Reportage. The prime minister flaunted her Atlanticism in a press conference with Zelensky, connecting the war to her ideological themes of ‘homeland’ and ‘cultural identity.’

Meloni visited Bucha and reaffirmed Italy’s commitments in Ukraine

“Nations are built, above all, on the size of the sacrifices that people are willing to make,” said Italian Prime Minister Giorgia Meloni in her speech at Tuesday’s press conference. In the press room of the Mariinsky Palace in Kyiv, alongside Ukrainian President Volodymyr Zelensky, Meloni did not hesitate to connect the resistance of the Ukrainian armed forces to ideological points; nor did she shy away from tying it all to the Italian Risorgimento.

Speaking of “love for one’s homeland,” of “cultural identity” and stressing that “the Ukrainian people are fighting a battle for each and every one of us,” the Italian premier wanted to dispel any doubts. The Italian government stands by Ukraine until “victory,” or, at least, until a peace that is not “unfair for Ukraine,” because it “cannot be a real peace” otherwise. According to Meloni, a process is taking place in Ukraine that can be likened to the nation-building struggles of nineteenth-century Italy, “when Italy was merely a geographical expression”; today, “with [Ukraine’s] ability to fight, to resist, [it] have proven that [it is] an extraordinary nation.”

It’s only logical that the Italian Prime Minister is reading a context close to her own political history in the current war. Journalists in the room were not allowed to ask questions that had not been vetted in advance, and only four journalists were allowed to question the heads of state.

Half of the questions focused on the thorns in the side of the Italian majority. Berlusconi’s statements and Salvini’s background were mentioned in questions by both Italian and Ukrainian reporters. Moreover, an impromptu episode highlighted the understanding between the two leaders.

As the interpreter’s voice could no longer be heard in the earpieces distributed to everyone in the room, President Zelensky asked a reporter to repeat their question; the reporter repeated it in Italian, and the president asked him to repeat it again. At that point, Meloni herself translated it into English while looking her host in the eye: “Aren’t you afraid that Berlusconi’s statements could be a risk to Italian support for Ukraine?”

The Ukrainian president, after stressing that every political leader had the right to think whatever they wanted, reiterated that it wasn’t such a big deal: “Italy knows that we have the same values, we love life, our children and we respect the territorial integrity of other countries. And that’s the main thing, we speak different languages ​​but we can understand each other.” On Berlusconi’s position, he commented that Berlusconi’s house “has never been bombed by missiles, a Russian tank has never reached him, no one has ever killed his relatives” and he never had to “pack his suitcase at three in the morning to escape […] thanks to Russia’s brotherly love.”

The two leaders were fully in alignment. On more than one occasion, they exchanged cordialities that went beyond protocol, with the Ukrainian president always yielding the floor to her and the Italian premier praising his chivalrousness. Both stressed the importance of Meloni’s visit to Bucha and Irpin.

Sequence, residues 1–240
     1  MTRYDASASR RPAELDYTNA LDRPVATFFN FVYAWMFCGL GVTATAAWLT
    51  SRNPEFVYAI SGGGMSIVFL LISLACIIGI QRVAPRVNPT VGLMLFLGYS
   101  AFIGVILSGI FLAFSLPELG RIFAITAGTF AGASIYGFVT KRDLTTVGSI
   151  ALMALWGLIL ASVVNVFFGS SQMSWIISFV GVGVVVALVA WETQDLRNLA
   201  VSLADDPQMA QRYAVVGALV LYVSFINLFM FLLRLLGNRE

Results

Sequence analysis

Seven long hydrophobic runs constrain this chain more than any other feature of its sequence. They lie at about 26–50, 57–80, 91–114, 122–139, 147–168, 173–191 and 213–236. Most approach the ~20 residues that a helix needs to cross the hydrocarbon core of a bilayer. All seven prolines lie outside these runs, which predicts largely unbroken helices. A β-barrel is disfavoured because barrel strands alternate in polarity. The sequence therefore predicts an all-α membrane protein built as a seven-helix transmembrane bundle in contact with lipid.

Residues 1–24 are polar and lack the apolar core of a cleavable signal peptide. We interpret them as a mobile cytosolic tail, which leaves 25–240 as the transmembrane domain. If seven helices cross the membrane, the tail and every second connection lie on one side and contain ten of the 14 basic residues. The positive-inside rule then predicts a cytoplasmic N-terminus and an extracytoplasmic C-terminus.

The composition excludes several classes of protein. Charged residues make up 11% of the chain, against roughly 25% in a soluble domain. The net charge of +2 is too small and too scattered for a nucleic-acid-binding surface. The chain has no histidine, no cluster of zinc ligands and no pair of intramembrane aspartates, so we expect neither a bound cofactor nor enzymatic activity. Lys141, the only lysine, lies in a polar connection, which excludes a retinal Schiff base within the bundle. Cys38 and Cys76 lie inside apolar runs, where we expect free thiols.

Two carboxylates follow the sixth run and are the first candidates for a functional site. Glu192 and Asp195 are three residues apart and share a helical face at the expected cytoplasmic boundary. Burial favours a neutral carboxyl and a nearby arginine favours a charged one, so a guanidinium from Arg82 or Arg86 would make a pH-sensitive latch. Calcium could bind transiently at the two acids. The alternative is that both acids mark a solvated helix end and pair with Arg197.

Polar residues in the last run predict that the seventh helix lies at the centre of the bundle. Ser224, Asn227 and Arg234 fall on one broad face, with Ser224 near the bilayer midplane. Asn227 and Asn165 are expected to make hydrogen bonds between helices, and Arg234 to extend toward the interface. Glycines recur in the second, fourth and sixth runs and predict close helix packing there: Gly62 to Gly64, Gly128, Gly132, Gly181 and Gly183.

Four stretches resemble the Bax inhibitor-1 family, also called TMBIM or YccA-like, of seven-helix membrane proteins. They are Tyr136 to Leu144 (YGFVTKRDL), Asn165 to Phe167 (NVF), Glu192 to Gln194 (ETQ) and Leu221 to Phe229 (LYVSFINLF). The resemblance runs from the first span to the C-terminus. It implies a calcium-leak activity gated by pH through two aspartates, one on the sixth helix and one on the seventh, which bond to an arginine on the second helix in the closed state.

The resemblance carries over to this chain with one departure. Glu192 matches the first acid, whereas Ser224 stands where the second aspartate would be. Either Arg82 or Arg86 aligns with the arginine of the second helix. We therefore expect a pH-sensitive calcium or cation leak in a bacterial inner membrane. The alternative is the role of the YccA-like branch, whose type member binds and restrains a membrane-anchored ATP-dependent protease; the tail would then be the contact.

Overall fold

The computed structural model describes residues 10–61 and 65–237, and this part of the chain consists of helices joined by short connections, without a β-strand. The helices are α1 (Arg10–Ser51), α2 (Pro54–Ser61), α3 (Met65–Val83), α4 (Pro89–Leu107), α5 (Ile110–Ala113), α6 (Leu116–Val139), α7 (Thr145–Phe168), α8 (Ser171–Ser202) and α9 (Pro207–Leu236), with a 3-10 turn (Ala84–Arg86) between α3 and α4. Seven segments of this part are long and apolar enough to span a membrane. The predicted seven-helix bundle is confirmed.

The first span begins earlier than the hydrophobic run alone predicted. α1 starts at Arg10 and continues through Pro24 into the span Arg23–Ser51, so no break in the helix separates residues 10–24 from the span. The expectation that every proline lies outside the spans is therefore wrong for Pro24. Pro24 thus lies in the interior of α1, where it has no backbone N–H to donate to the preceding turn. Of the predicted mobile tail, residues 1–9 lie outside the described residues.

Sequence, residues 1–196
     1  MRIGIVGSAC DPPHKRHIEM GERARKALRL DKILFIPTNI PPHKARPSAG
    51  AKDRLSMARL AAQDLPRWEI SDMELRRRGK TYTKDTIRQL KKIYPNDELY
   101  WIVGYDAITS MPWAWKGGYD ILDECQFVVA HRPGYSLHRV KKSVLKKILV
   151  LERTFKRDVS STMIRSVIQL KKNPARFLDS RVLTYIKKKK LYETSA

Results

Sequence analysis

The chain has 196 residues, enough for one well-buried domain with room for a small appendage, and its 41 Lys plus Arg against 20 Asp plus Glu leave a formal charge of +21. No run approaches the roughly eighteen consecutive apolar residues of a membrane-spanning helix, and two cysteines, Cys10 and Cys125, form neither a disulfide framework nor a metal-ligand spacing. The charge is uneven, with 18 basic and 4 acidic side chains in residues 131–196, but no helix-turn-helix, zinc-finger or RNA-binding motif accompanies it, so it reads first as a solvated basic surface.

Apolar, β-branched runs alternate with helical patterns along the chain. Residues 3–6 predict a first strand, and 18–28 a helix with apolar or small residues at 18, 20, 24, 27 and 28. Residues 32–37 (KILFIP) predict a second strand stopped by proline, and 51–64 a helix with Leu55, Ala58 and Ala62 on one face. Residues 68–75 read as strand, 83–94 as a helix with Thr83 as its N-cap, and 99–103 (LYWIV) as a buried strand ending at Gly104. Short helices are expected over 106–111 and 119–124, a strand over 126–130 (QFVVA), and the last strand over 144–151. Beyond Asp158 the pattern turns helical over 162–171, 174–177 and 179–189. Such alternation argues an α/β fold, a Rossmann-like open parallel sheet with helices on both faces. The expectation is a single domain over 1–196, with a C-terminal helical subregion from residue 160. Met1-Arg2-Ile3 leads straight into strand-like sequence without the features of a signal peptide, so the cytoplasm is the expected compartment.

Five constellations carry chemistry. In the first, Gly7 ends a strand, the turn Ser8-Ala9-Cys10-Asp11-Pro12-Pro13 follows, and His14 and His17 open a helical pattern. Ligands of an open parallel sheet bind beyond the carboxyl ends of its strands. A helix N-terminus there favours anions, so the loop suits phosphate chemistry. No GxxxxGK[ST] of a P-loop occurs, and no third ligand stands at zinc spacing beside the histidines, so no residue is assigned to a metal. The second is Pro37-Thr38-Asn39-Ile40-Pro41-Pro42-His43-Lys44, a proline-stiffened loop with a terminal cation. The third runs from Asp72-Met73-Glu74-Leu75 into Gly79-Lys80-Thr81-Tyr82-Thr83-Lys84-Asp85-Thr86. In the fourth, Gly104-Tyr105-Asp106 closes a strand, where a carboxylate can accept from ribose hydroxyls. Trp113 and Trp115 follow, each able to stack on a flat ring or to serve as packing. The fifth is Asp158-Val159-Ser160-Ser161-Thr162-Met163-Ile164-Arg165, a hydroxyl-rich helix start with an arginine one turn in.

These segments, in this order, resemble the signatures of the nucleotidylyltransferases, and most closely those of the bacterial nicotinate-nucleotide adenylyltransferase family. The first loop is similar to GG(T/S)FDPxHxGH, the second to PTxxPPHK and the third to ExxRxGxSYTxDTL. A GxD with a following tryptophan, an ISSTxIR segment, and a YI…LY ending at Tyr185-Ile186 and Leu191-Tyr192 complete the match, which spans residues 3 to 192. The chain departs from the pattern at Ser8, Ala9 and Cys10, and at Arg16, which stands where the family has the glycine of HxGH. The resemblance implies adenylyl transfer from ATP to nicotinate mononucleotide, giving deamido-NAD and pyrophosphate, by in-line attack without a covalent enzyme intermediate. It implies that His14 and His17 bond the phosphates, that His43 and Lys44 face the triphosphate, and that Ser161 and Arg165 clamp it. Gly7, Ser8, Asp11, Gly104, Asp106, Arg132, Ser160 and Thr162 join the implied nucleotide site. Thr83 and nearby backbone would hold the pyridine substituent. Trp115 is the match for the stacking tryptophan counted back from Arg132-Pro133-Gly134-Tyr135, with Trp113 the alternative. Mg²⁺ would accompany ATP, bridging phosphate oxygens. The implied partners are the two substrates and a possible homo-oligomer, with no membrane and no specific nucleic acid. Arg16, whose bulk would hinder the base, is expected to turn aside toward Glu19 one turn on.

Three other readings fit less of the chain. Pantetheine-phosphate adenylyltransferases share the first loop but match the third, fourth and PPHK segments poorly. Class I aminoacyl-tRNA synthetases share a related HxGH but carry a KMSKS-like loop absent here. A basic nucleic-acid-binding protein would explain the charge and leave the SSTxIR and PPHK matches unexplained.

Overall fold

“It’s always different seeing things with your own eyes,” the premier had said in Bucha, in the courtyard of the local church dedicated to St. Andrew, where mass graves had been discovered last spring and where photos of the massacres found by Ukrainians at the liberation of the town were on display. Meloni was moved when they explained to her that the ground on which they were walking was the same ground from which dozens of corpses had been exhumed.

Due to the very cold and rainy day and her less-than-optimal health (all day long, Meloni coughed conspicuously), the visit was not long. But a Ukrainian war crimes prosecutor summarized the horrors of Bucha for her, the local priest accompanied her to the church to look at the photographic documentation on display there, and the interpreter continued to narrate the main facts of the months of occupation.

Her visit to Irpin was very brief: she was shown a bombed-out building next to which one of the generators donated to Ukrainian civilians by an Italian NGO had been set up, and she exchanged a few words with volunteers from another NGO, “Doctors with Africa CUAMM,” which is providing medical first aid in different parts of the country.

“There’s a difference between reading numbers and instead seeing people’s lives destroyed for no reason,” Meloni told a Ukrainian journalist who had managed to get through the swarm of Italian correspondents and security detail surrounding the prime minister.

Contact between Meloni and the Italian reporters present was minimal to non-existent. The tight schedule, the hour-long train delay in Kyiv and the important meetings in the afternoon did not allow them to press the prime minister more on the thornier issues, such as that of the Italian reporters in Ukraine that have been expelled or suspended.

But in diplomatic visits, as one well knows, the tendency is to avoid controversy. After a blackout that left the press room quiet for a few seconds and after the approved questions were asked, an aide to President Zelensky stepped in to mark the end of this very long day, in which the Italian government’s pro-Atlanticism was reaffirmed more than it had been in quite some time.

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